Usually Chucks makes a rough beat, a kind of musical doodle, and sends it over to me where I listen to it until I’m humming it in my sleep and try and write some lyrics. We then record them in the studio and Chucks knocks up a rough song structure then it’s a case of him refining each part until it’s sound full and fat. We might then re-record the lyrics. At this point we might well try it out on a crowd and, if it’s not a total disaster, Chucks will mix it down, send it off for mastering and we’ll try and put it out.

5) How do you feel your studio/recording style informs the way you perform your music live (or vice versa)? Does it make it easier or harder, better etc…?

As I mentioned above it’s often the performance that informs the recording process once we’ve given a track a test flight!

6) What’s been happening lately and what’s new with you?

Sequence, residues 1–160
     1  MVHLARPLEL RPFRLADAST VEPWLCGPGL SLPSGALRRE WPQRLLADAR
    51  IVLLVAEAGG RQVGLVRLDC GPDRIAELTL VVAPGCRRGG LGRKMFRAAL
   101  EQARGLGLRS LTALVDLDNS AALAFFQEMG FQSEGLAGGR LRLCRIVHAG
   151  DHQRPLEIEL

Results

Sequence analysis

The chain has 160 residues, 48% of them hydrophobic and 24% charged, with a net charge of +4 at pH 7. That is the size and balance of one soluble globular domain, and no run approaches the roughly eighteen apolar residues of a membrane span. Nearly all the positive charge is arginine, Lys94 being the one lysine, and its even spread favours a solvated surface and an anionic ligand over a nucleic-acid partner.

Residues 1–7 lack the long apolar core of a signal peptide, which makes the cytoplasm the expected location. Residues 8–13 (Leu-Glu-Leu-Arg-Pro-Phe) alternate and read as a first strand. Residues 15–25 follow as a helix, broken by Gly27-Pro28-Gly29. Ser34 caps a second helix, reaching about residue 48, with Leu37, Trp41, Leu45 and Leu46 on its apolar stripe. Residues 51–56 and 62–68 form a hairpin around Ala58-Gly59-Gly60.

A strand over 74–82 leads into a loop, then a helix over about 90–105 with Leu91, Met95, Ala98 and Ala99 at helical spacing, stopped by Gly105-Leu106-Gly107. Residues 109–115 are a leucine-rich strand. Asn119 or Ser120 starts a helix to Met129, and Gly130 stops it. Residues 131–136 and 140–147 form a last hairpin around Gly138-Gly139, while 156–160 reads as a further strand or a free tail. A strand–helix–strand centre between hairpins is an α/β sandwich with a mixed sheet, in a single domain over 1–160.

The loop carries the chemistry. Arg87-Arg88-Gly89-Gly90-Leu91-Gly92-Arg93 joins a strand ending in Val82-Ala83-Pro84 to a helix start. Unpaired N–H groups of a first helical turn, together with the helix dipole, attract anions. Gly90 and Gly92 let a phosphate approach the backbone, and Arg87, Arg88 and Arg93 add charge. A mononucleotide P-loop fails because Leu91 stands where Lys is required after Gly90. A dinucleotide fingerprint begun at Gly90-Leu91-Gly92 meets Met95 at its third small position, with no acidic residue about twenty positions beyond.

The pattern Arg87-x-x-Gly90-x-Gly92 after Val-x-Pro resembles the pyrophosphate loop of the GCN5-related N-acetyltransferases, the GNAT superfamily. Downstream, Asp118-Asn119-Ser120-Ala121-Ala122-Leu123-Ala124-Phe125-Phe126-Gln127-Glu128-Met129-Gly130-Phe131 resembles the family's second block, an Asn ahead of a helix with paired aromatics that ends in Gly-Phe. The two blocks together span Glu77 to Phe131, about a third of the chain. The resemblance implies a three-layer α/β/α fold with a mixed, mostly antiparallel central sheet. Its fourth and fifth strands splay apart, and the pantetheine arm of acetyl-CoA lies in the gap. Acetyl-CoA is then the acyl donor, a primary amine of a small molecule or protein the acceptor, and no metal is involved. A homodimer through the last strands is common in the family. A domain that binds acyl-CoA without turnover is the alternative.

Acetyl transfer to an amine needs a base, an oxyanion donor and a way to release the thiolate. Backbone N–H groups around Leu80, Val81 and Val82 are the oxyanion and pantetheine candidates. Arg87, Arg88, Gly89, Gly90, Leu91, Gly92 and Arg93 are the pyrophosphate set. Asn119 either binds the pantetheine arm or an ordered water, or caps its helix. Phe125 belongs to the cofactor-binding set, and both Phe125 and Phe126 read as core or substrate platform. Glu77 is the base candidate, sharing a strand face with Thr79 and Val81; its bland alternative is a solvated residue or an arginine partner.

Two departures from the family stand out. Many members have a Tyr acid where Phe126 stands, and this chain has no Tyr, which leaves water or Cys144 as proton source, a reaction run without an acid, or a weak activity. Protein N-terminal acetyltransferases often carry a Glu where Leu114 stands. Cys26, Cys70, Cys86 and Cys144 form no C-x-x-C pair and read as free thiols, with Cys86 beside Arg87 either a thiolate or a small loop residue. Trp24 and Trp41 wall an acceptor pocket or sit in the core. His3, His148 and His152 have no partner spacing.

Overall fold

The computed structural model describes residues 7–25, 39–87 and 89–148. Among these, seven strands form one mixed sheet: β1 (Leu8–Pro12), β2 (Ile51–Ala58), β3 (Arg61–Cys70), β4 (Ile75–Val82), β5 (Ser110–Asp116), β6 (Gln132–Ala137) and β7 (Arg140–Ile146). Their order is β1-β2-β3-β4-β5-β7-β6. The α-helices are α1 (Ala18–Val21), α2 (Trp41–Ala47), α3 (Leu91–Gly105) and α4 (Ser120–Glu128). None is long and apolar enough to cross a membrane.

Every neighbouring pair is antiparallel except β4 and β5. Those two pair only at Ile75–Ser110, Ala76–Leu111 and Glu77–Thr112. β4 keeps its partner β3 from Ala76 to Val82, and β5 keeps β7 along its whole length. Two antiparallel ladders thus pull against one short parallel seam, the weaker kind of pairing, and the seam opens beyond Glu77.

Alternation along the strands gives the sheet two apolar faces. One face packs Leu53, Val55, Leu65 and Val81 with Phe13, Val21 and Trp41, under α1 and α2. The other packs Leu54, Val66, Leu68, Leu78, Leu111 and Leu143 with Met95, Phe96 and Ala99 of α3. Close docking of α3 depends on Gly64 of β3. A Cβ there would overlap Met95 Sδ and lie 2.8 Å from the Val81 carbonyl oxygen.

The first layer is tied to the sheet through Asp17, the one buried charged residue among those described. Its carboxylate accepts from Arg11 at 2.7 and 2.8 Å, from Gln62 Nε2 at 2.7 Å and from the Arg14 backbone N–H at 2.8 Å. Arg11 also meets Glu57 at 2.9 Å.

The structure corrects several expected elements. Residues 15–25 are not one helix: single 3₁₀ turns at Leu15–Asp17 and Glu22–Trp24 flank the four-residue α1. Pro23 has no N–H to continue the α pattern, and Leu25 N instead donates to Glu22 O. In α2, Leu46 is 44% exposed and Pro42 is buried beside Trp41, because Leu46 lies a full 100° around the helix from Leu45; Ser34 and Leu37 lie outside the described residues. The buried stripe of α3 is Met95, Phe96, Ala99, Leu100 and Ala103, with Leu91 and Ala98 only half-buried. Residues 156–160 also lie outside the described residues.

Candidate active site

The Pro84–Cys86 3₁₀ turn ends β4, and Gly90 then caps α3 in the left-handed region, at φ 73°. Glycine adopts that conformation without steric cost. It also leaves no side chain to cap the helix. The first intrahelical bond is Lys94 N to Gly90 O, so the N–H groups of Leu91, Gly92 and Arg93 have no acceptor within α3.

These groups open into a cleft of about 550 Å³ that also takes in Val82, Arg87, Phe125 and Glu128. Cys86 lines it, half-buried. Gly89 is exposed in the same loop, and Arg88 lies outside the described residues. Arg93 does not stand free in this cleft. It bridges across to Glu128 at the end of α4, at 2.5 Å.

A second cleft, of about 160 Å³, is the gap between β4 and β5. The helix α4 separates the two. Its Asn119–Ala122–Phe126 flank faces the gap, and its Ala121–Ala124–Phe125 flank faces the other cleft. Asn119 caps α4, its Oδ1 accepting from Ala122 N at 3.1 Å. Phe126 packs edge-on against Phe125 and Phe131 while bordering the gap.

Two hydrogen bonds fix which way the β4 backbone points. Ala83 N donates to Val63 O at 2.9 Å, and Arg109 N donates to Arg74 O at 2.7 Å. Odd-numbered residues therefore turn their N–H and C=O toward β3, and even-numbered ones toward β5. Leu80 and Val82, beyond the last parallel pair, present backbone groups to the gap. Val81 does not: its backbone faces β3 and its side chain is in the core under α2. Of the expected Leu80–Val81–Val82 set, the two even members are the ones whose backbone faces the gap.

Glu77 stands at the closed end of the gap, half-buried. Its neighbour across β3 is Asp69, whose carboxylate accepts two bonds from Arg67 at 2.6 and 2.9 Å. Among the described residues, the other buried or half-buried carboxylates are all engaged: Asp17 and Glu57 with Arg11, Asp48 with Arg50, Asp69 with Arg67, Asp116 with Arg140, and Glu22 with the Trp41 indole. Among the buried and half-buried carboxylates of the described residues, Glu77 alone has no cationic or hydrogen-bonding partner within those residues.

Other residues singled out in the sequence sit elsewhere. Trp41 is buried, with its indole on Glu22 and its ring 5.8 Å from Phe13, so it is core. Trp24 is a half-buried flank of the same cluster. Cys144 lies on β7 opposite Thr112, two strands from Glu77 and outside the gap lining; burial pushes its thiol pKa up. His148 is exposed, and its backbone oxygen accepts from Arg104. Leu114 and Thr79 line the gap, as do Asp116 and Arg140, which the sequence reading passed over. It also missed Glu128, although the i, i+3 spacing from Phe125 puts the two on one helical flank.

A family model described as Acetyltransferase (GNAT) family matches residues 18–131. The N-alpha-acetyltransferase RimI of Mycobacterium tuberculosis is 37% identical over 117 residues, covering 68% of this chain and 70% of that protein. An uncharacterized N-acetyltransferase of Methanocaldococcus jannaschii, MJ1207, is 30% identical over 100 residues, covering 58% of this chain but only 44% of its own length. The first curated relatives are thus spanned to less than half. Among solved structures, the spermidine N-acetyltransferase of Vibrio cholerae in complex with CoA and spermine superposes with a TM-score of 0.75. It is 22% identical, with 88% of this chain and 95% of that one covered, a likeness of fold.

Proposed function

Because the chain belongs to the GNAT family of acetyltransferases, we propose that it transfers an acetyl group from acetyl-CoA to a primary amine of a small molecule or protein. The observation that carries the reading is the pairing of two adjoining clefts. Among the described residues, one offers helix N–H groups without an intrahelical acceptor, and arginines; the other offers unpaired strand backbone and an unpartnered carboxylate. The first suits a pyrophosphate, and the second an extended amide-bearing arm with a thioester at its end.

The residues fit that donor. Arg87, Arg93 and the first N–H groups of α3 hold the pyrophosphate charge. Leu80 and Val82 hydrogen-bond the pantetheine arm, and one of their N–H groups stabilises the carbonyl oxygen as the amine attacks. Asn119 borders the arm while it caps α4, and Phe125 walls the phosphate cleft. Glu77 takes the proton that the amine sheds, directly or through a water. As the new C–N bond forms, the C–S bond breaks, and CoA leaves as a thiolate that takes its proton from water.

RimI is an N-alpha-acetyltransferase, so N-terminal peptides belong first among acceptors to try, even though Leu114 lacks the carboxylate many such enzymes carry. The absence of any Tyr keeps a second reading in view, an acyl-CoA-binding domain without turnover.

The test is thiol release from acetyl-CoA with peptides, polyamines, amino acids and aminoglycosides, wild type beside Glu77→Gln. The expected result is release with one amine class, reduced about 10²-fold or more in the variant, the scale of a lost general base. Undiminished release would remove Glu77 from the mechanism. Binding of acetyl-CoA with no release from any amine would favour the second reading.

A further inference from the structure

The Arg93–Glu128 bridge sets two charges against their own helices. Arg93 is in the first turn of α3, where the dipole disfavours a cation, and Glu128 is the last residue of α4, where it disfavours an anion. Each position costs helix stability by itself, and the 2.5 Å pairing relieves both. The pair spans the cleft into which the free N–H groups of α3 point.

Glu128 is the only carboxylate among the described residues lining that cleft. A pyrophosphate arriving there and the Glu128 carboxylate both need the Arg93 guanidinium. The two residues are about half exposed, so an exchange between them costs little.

Well, we’ve recently returned from a two month stint in Australia at The Adelaide Fringe, where we were creating a big show involving a cast of circus performers, acrobats and contemporary dancers. It was a load of fun and took us far out of comfort zones. Working with acrobats is pretty hilarious, if you or I have a moment spare we may check Facebook on our phones – they just start throwing each other around or stack themselves into a three-high.

7) The last time you played at The Bongo Club was quite a few years ago and before we moved to our current location on the Cowgate (Feb ’13). Do you remember anything/much about playing the old Bongo, the crowd etc back in 2011?